The repair process involved with just one of the damaged ribs offers a unique insight into the job at hand; one that requires specialist care. Part# D94406-21, the top segment of Frame J, exhibited significant distortion which required flattening out. Various other imperfections needed dressing as well. To begin, the part had to undergo suitable heat treatment to temporarily soften the material for reshaping, otherwise there would be a grave risk of cracking.

Two of the formers from a fuselage frame following their removal from the Typhoon. Note how the component on the right is slightly deformed and bowed. Sadly, most restoration shops these days would simply throw this part away and make a new one, losing the authenticity of the airframe. While it is more expensive to accomplish, it is more than possible to restore such a part for re-use in an airworthy airframe if the proper procedures are followed. Thankfully, the Hawker Typhoon Preservation Group has decided to follow that path. By following approved procedures to anneal the metal, making it more maleable, Airframe Assemblies was then able to gently straighten the part without damaging it. The part was then able to be re-hardened to its original strength for use in the restored Typhoon. (photo via Hawker Typhoon Preservation Group)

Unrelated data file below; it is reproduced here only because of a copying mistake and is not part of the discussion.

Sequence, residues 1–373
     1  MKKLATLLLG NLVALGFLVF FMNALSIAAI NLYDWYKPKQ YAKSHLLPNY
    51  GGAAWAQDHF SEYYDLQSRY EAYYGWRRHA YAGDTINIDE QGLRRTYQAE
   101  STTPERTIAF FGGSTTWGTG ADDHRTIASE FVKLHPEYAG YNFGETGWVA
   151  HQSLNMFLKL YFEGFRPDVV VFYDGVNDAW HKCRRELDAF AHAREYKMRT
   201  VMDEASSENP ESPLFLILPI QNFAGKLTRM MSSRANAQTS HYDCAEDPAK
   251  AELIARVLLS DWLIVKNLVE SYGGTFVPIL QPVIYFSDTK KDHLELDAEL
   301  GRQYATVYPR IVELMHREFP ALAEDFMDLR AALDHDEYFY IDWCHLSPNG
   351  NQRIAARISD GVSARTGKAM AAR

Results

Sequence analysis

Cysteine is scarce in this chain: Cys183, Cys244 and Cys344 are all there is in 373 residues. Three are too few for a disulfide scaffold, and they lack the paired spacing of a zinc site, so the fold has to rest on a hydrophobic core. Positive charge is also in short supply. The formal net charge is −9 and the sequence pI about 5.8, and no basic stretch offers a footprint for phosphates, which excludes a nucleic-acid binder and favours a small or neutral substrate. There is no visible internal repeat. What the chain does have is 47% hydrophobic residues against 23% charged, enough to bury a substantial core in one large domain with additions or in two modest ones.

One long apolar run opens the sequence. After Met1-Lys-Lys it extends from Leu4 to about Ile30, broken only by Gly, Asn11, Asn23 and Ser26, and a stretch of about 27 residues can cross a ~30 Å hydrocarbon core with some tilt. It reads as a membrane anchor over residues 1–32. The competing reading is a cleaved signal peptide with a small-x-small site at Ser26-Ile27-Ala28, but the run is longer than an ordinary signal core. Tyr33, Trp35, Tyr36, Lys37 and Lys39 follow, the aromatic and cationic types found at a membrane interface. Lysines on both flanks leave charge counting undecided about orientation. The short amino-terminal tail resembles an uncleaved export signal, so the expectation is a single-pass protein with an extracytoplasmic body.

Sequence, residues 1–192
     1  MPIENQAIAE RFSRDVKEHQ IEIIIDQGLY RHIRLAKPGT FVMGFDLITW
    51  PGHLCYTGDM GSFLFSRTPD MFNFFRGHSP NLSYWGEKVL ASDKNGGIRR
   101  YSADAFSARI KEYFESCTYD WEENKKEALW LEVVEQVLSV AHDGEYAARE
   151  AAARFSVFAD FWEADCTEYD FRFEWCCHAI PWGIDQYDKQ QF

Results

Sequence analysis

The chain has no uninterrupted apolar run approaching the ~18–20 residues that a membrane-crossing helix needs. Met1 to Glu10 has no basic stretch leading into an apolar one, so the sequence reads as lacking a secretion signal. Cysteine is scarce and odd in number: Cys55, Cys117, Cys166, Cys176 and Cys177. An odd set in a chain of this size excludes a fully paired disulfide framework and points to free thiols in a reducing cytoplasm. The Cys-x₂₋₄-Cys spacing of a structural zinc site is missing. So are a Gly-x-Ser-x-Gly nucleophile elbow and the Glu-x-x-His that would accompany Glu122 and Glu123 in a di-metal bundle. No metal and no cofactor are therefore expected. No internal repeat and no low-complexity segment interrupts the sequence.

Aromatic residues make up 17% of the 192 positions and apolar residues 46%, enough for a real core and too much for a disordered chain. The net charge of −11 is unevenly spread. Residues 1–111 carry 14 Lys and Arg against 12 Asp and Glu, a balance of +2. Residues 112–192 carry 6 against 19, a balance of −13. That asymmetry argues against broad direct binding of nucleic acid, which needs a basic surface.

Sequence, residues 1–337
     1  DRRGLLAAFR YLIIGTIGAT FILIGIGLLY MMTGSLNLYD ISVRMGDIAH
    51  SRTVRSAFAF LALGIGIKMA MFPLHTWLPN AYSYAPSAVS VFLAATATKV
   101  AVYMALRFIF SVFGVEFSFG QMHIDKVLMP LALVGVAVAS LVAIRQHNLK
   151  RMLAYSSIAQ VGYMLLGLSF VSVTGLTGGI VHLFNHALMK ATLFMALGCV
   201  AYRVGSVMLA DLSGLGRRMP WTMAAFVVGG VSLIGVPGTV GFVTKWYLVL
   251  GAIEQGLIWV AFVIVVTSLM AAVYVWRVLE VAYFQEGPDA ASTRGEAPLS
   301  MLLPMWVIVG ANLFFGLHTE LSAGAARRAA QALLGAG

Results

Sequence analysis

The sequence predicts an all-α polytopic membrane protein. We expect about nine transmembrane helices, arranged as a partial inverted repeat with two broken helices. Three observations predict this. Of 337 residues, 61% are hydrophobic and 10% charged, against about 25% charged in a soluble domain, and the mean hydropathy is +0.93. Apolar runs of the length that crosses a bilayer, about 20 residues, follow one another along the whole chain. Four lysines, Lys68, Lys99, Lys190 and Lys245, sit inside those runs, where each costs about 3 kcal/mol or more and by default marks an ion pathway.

The heat treatment process involves heating the item to 5050C for around 20 minutes. It is then quenched in cold water. This leaves the material ‘workable’ for around 2 hours. After a couple of days, it will naturally return to its original hardness/strength. The time and temperature applied is critical though; the process is carried out in a computer-controlled, calibrated oven.

One of the Typhoon fuselage frame formers prior to refurbishment. Note the rather serated edges to the metal – this was as-manufactured, which perhaps seems a little unfinished, but there was a war on at the time, and everything was done to speed up production, sometimes even at the expense of airframe longevity. Airframe Assemblies will smooth these imperfections, as even though the likelyhood of a fault is small, rough edges can sometimes lead to crack propagation, which might prove catastrophoc under the wrong circomstances.